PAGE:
How to finance your farm projects

As part of the federal economic update, new tax incentives are available for farmers

By Kate Ayers
Staff Writer
Better Farming

Ontario producers can access a range of government programs to help finance improvements to their operations.

The Canadian Agricultural Partnership (the Partnership) is a valuable resource that producers can use to fund on-farm projects. In addition, other cost-share programs and recent additions to the federal economic update provide further options to reduce costs.

The Partnership is a five-year $3-billion initiative between the federal, provincial and territorial governments. It serves to strengthen the ag, agri-food and agri-based products sectors.

“A lot of money is on the table and all producers should be encouraged to take advantage of the funding,” Debbie Loiselle, the senior manager at Allied Associates LLP in London, said to Better Farming. Allied Associates is a chartered professional accounting firm offering accounting and tax services as well as assistance with business planning and government programs.

Loiselle provided a helpful overview of some of the eligible projects that producers may be interested in pursuing on their farms. This information is summarized below.

farmer using tablet
    baranozdemir/E+ photo

Some of the projects that qualify for funding through the Partnership include:

  • food safety or traceability system equipment or systems improvement – 35 per cent cost sharing to a maximum of $10,000
  • cover crops – 50 per cent cost-share to a maximum of $10,000
    • Or 45 to 65 per cent cost-share to a maximum of $20,000 if in the geographic region for Lake Erie Agriculture Demonstrating Sustainability (LEADS) enhanced funding, which is available for producers located between Windsor and as far north as Dundalk
  • new construction, modification or new technology to improve animal housing – 35 per cent to a maximum of $25,000
  • equipment modifications to improve manure application – 40 per cent to a maximum of $30,000

The Ontario Soil and Crop Improvement Association (OSCIA) provides a break down of the maximum cost-share percentages and maximum support monetary coverages for on-farm initiatives offered through the Partnership.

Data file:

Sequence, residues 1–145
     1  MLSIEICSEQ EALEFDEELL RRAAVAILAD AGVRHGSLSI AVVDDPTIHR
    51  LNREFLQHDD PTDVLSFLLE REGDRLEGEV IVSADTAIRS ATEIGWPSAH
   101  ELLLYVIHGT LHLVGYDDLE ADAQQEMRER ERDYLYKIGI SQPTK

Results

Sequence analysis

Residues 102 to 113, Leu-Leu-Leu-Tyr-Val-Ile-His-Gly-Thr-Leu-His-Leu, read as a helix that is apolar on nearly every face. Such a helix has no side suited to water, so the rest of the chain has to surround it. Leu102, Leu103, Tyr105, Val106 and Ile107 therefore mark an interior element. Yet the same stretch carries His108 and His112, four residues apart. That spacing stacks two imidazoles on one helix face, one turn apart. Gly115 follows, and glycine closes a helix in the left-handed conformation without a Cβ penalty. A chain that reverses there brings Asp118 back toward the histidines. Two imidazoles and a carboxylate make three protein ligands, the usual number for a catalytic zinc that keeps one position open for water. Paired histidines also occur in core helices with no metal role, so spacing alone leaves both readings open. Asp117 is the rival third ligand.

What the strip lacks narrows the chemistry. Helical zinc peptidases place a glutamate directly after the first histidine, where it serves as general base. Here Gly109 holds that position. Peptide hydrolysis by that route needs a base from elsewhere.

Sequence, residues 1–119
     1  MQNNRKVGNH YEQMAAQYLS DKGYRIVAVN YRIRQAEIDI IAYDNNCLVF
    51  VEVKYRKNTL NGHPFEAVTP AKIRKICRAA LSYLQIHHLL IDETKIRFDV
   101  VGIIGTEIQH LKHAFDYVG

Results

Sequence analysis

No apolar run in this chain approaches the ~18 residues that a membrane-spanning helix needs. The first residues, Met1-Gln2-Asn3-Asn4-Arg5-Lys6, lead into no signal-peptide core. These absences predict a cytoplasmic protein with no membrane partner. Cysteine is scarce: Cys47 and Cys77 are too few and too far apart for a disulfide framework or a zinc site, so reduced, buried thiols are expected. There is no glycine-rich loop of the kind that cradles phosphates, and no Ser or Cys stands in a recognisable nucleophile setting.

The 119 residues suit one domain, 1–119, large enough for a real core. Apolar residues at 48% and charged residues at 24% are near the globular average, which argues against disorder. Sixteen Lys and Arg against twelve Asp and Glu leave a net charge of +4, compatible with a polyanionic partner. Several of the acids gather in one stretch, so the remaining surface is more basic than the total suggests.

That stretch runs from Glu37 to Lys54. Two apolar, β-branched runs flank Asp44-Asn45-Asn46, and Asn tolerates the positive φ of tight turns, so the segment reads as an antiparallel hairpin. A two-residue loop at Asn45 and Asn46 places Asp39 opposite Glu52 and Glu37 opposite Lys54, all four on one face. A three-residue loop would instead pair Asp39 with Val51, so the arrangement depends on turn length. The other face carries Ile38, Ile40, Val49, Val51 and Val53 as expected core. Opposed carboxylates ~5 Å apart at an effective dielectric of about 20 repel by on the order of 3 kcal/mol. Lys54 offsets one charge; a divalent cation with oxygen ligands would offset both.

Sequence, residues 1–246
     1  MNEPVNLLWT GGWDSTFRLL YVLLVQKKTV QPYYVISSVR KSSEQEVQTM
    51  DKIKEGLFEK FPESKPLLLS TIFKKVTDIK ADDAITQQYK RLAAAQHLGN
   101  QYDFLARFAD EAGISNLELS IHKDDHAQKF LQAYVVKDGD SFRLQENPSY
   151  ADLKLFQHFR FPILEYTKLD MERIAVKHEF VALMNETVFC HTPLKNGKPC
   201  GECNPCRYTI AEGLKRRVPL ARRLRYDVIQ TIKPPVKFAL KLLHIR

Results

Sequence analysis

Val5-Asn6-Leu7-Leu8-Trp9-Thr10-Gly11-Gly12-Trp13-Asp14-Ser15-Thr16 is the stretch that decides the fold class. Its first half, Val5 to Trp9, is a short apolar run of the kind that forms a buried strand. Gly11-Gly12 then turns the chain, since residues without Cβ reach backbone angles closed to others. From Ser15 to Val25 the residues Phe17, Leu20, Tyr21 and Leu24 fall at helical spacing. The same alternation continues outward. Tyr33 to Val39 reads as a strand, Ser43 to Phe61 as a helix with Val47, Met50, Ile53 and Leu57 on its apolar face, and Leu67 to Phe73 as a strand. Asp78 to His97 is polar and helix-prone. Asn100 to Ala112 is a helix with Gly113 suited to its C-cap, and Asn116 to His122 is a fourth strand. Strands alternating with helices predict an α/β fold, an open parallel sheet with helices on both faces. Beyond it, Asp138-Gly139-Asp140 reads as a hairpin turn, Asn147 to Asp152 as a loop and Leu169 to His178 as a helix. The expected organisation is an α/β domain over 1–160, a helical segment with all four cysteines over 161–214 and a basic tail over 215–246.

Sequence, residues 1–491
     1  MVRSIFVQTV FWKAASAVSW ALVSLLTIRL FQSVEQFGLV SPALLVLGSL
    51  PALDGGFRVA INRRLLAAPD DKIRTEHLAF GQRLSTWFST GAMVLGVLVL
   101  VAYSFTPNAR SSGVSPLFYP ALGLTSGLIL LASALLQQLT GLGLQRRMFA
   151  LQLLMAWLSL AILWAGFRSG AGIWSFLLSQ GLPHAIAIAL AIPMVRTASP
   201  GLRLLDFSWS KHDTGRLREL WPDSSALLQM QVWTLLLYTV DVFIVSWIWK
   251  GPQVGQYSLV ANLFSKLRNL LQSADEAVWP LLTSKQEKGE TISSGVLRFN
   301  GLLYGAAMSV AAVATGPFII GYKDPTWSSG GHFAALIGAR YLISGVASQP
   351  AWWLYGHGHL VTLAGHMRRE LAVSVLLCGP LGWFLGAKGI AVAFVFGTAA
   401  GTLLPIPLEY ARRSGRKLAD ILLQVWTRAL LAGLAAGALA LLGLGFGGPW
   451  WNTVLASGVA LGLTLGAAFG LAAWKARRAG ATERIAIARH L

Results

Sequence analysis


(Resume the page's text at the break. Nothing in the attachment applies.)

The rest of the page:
The organization administers programs under such streams as economic development, environment stewardship, protection and assurance and LEADS.

Over the life of the Partnership agreement (2018 to 2023), the economic development stream offers support for:

  • financial analysis – 50 per cent cost-share to a maximum of $2,500
  • business plan development – 35 per cent cost-share to a maximum of $10,000
  • marketing plan development – 35 per cent cost-share to a maximum of $15,000
  • labour productivity plans
    • i.e. technology or equipment to improve productivity – 25 per cent cost-share to a maximum of $100,000

The protection and assurance programs support projects that aim to:

  • protect animal health
  • prevent disease
  • improve animal housing and handling
  • ensure food safety
  • protect plant health

In addition to programs and funding the governments offer through the Partnership, the fall federal economic update included tax incentives to help make on-farm investments more affordable. The feds will have these tools available through to 2024 and will then phase them out between 2024 and the end of 2027.

In this update, officials included the following incentives:

  • changes to capital cost allowance (CCA) for assets available for use after Nov. 20, 2018
  • assets used in manufacturing and processing will be eligible for 100 per cent write off in year of acquisition
  • clean energy equipment will be eligible for 100 per cent write off in year of acquisition –however, rules limiting CCA to net income remain in place for solar energy, for instance
  • most other assets will qualify for the new, accelerated investment incentive

In the latter situation, for example, in the first year of acquisition, assets will qualify for a deduction of up to three times the amount otherwise allowed. In the case of a $100,000 tractor, for example, the write off in the first year would normally be $15,000. Under the new rules, this amount will increase to $45,000, Loiselle said.

These business management tools can help farmers improve or advance their operations. Producers should speak with their financial advisers or accountants to identify programs that fit best with their business plans, Loiselle said.

“Now is a good time to invest or make upgrades to farm assets,” she added. BF

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